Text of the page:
The wave of ageism has overwhelmed us, or how we experienced exclusion on the basis of form of residence and age during the epidemic of Covid-19

The purpose of this article is to spread awareness about the growing problematic of ageism in Slovenian society. Ageism in the grander social environment became especially prevalent because of the crisis conditions related to the COVID-19 pandemics. Ageism was particularly apparent in the expressed fear of the healthcare system collapse, which could be triggered by the increased pressure put on by the infected elderly residents of homes for the elderly. This article presents the system of institutional care for the elderly in Slovenia, the exclusion, and the discrimination of the elderly in Slovenia during the COVID-19 pandemic and lastly an investigation proceeding, which was carried out by the advocate of the principle of equality by official duty where no signs of discrimination were observed.

What revolutionary political refugees can teach us about survival and responsibility in the time of the Covid-19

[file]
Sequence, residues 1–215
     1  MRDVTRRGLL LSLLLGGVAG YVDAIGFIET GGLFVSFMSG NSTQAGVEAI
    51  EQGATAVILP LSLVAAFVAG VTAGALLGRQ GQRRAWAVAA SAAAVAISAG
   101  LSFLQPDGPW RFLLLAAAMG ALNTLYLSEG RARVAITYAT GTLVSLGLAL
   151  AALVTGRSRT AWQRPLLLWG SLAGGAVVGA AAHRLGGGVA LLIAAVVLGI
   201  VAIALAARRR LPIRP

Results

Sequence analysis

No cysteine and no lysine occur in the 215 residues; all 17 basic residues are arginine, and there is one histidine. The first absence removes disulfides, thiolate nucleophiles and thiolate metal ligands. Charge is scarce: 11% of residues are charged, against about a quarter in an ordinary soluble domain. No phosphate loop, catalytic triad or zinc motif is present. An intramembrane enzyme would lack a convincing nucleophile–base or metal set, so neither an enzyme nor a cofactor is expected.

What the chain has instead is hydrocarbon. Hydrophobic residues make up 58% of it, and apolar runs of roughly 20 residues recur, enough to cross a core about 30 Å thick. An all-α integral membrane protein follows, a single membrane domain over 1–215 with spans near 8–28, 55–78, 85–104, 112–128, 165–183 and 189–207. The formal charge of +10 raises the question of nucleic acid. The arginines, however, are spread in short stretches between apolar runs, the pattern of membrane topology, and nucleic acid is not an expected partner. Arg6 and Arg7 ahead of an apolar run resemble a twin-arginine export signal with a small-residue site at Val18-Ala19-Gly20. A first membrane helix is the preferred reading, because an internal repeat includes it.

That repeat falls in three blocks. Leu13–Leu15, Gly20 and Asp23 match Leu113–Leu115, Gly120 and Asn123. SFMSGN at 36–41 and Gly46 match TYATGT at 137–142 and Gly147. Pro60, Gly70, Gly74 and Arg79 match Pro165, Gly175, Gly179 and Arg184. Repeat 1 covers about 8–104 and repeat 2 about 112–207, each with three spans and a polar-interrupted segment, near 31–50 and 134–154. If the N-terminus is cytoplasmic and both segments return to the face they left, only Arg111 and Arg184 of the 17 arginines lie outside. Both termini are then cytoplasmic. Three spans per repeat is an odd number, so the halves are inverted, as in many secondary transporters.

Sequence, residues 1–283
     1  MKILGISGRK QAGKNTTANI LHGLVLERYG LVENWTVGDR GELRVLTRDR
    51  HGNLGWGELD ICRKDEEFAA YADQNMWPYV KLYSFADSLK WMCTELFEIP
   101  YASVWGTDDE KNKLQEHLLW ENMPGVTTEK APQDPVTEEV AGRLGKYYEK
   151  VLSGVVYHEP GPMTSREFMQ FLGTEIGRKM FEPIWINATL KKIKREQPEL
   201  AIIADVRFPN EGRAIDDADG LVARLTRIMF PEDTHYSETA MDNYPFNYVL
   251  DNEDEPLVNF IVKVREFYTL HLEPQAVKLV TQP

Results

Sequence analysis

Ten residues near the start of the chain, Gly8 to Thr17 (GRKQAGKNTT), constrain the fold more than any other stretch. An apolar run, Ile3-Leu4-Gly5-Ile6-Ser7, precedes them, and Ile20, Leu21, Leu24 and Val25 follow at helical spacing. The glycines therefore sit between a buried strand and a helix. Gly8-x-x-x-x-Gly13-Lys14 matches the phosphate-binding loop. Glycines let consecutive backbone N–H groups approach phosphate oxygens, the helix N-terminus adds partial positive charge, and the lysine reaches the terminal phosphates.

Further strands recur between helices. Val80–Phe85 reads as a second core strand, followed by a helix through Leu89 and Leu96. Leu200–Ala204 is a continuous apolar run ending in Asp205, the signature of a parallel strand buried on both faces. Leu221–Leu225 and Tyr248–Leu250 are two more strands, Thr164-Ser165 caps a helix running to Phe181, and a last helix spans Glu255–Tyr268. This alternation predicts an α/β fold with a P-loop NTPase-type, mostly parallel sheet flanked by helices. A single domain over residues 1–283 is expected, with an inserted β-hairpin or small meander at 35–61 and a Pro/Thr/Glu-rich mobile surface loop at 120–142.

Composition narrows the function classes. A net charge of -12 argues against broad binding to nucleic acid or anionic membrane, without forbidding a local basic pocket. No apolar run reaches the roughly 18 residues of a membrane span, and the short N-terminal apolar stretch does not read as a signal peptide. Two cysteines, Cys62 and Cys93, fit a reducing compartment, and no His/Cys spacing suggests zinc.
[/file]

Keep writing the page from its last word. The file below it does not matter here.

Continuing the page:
Beja Protner (

This essay, written sporadically between two periods of lockdown during the COVID-19 pandemic, begins with a stream of thought about ontological change and feelings of entrapment and insecurity, including associations with the experiences of refugees/migrants for whom the conditions of existential crisis and forced immobility that engulfed the world during the pandemic are not new. However, the purpose of this essay is not to discuss the additional neglect and oppression of refugees/migrants during COVID-19, or to problematically glorify their persistence, but to share knowledge about survival in spatio-temporal confinement that is rooted in the experiences of Kurdish and leftist political refugees from Turkey/Kurdistan in Greece. This reflection is based on an anthropological study of migrant waiting, hope and survival among the aforementioned political refugees between 2018 and 2019, the findings of which are presented in the main body of the essay. The ethnographic data testifies to the centrality of Blochian revolutionary hope and related comradely practices that enact a utopian world-in-residence for survival in the so-called ‘open prison’ in Greece. The argument of the essay, presented in its final, manifesto section, is that, building on the political knowledge of revolutionary refugees in times of pandemic (and other »crises«), the rest of us can survive through comradely practices of solidarity and communal organizing, thus creating a better future. In doing so, it is also important to acknowledge the important epistemological position of revolutionary refugees and other disadvantaged groups, and to make their political struggles part of our common future-in-being.

Heterodox on the pandemic